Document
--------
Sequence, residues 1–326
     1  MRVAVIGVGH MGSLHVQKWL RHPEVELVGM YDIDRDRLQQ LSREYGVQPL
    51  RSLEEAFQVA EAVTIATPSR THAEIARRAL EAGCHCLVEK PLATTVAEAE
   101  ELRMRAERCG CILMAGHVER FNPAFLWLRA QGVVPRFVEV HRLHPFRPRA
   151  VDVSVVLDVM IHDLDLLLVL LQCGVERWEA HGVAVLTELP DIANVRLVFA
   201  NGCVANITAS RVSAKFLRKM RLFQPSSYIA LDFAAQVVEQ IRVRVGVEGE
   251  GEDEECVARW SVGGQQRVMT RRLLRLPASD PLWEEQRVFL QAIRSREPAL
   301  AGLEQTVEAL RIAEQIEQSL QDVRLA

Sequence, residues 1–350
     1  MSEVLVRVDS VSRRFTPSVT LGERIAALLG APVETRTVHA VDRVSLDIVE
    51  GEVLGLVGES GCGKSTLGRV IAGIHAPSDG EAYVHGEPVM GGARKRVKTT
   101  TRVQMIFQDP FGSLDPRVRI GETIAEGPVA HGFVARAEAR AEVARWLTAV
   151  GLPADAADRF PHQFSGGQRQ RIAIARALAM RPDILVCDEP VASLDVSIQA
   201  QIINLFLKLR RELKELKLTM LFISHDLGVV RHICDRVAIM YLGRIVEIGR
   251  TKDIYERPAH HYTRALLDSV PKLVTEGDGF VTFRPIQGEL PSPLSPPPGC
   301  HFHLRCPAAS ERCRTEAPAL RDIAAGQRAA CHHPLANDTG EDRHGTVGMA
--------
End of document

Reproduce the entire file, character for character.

Sequence, residues 1–326
     1  MRVAVIGVGH MGSLHVQKWL RHPEVELVGM YDIDRDRLQQ LSREYGVQPL
    51  RSLEEAFQVA EAVTIATPSR THAEIARRAL EAGCHCLVEK PLATTVAEAE
   101  ELRMRAERCG CILMAGHVER FNPAFLWLRA QGVVPRFVEV HRLHPFRPRA
   151  VDVSVVLDVM IHDLDLLLVL LQCGVERWEA HGVAVLTELP DIANVRLVFA
   201  NGCVANITAS RVSAKFLRKM RLFQPSSYIA LDFAAQVVEQ IRVRVGVEGE
   251  GEDEECVARW SVGGQQRVMT RRLLRLPASD PLWEEQRVFL QAIRSREPAL
   301  AGLEQTVEAL RIAEQIEQSL QDVRLA

Sequence, residues 1–350
     1  MSEVLVRVDS VSRRFTPSVT LGERIAALLG APVETRTVHA VDRVSLDIVE
    51  GEVLGLVGES GCGKSTLGRV IAGIHAPSDG EAYVHGEPVM GGARKRVKTT
   101  TRVQMIFQDP FGSLDPRVRI GETIAEGPVA HGFVARAEAR AEVARWLTAV
   151  GLPADAADRF PHQFSGGQRQ RIAIARALAM RPDILVCDEP VASLDVSIQA
   201  QIINLFLKLR RELKELKLTM LFISHDLGVV RHICDRVAIM YLGRIVEIGR
   251  TKDIYERPAH HYTRALLDSV PKLVTEGDGF VTFRPIQGEL PSPLSPPPGC
   301  HFHLRCPAAS ERCRTEAPAL RDIAAGQRAA CHHPLANDTG EDRHGTVGMA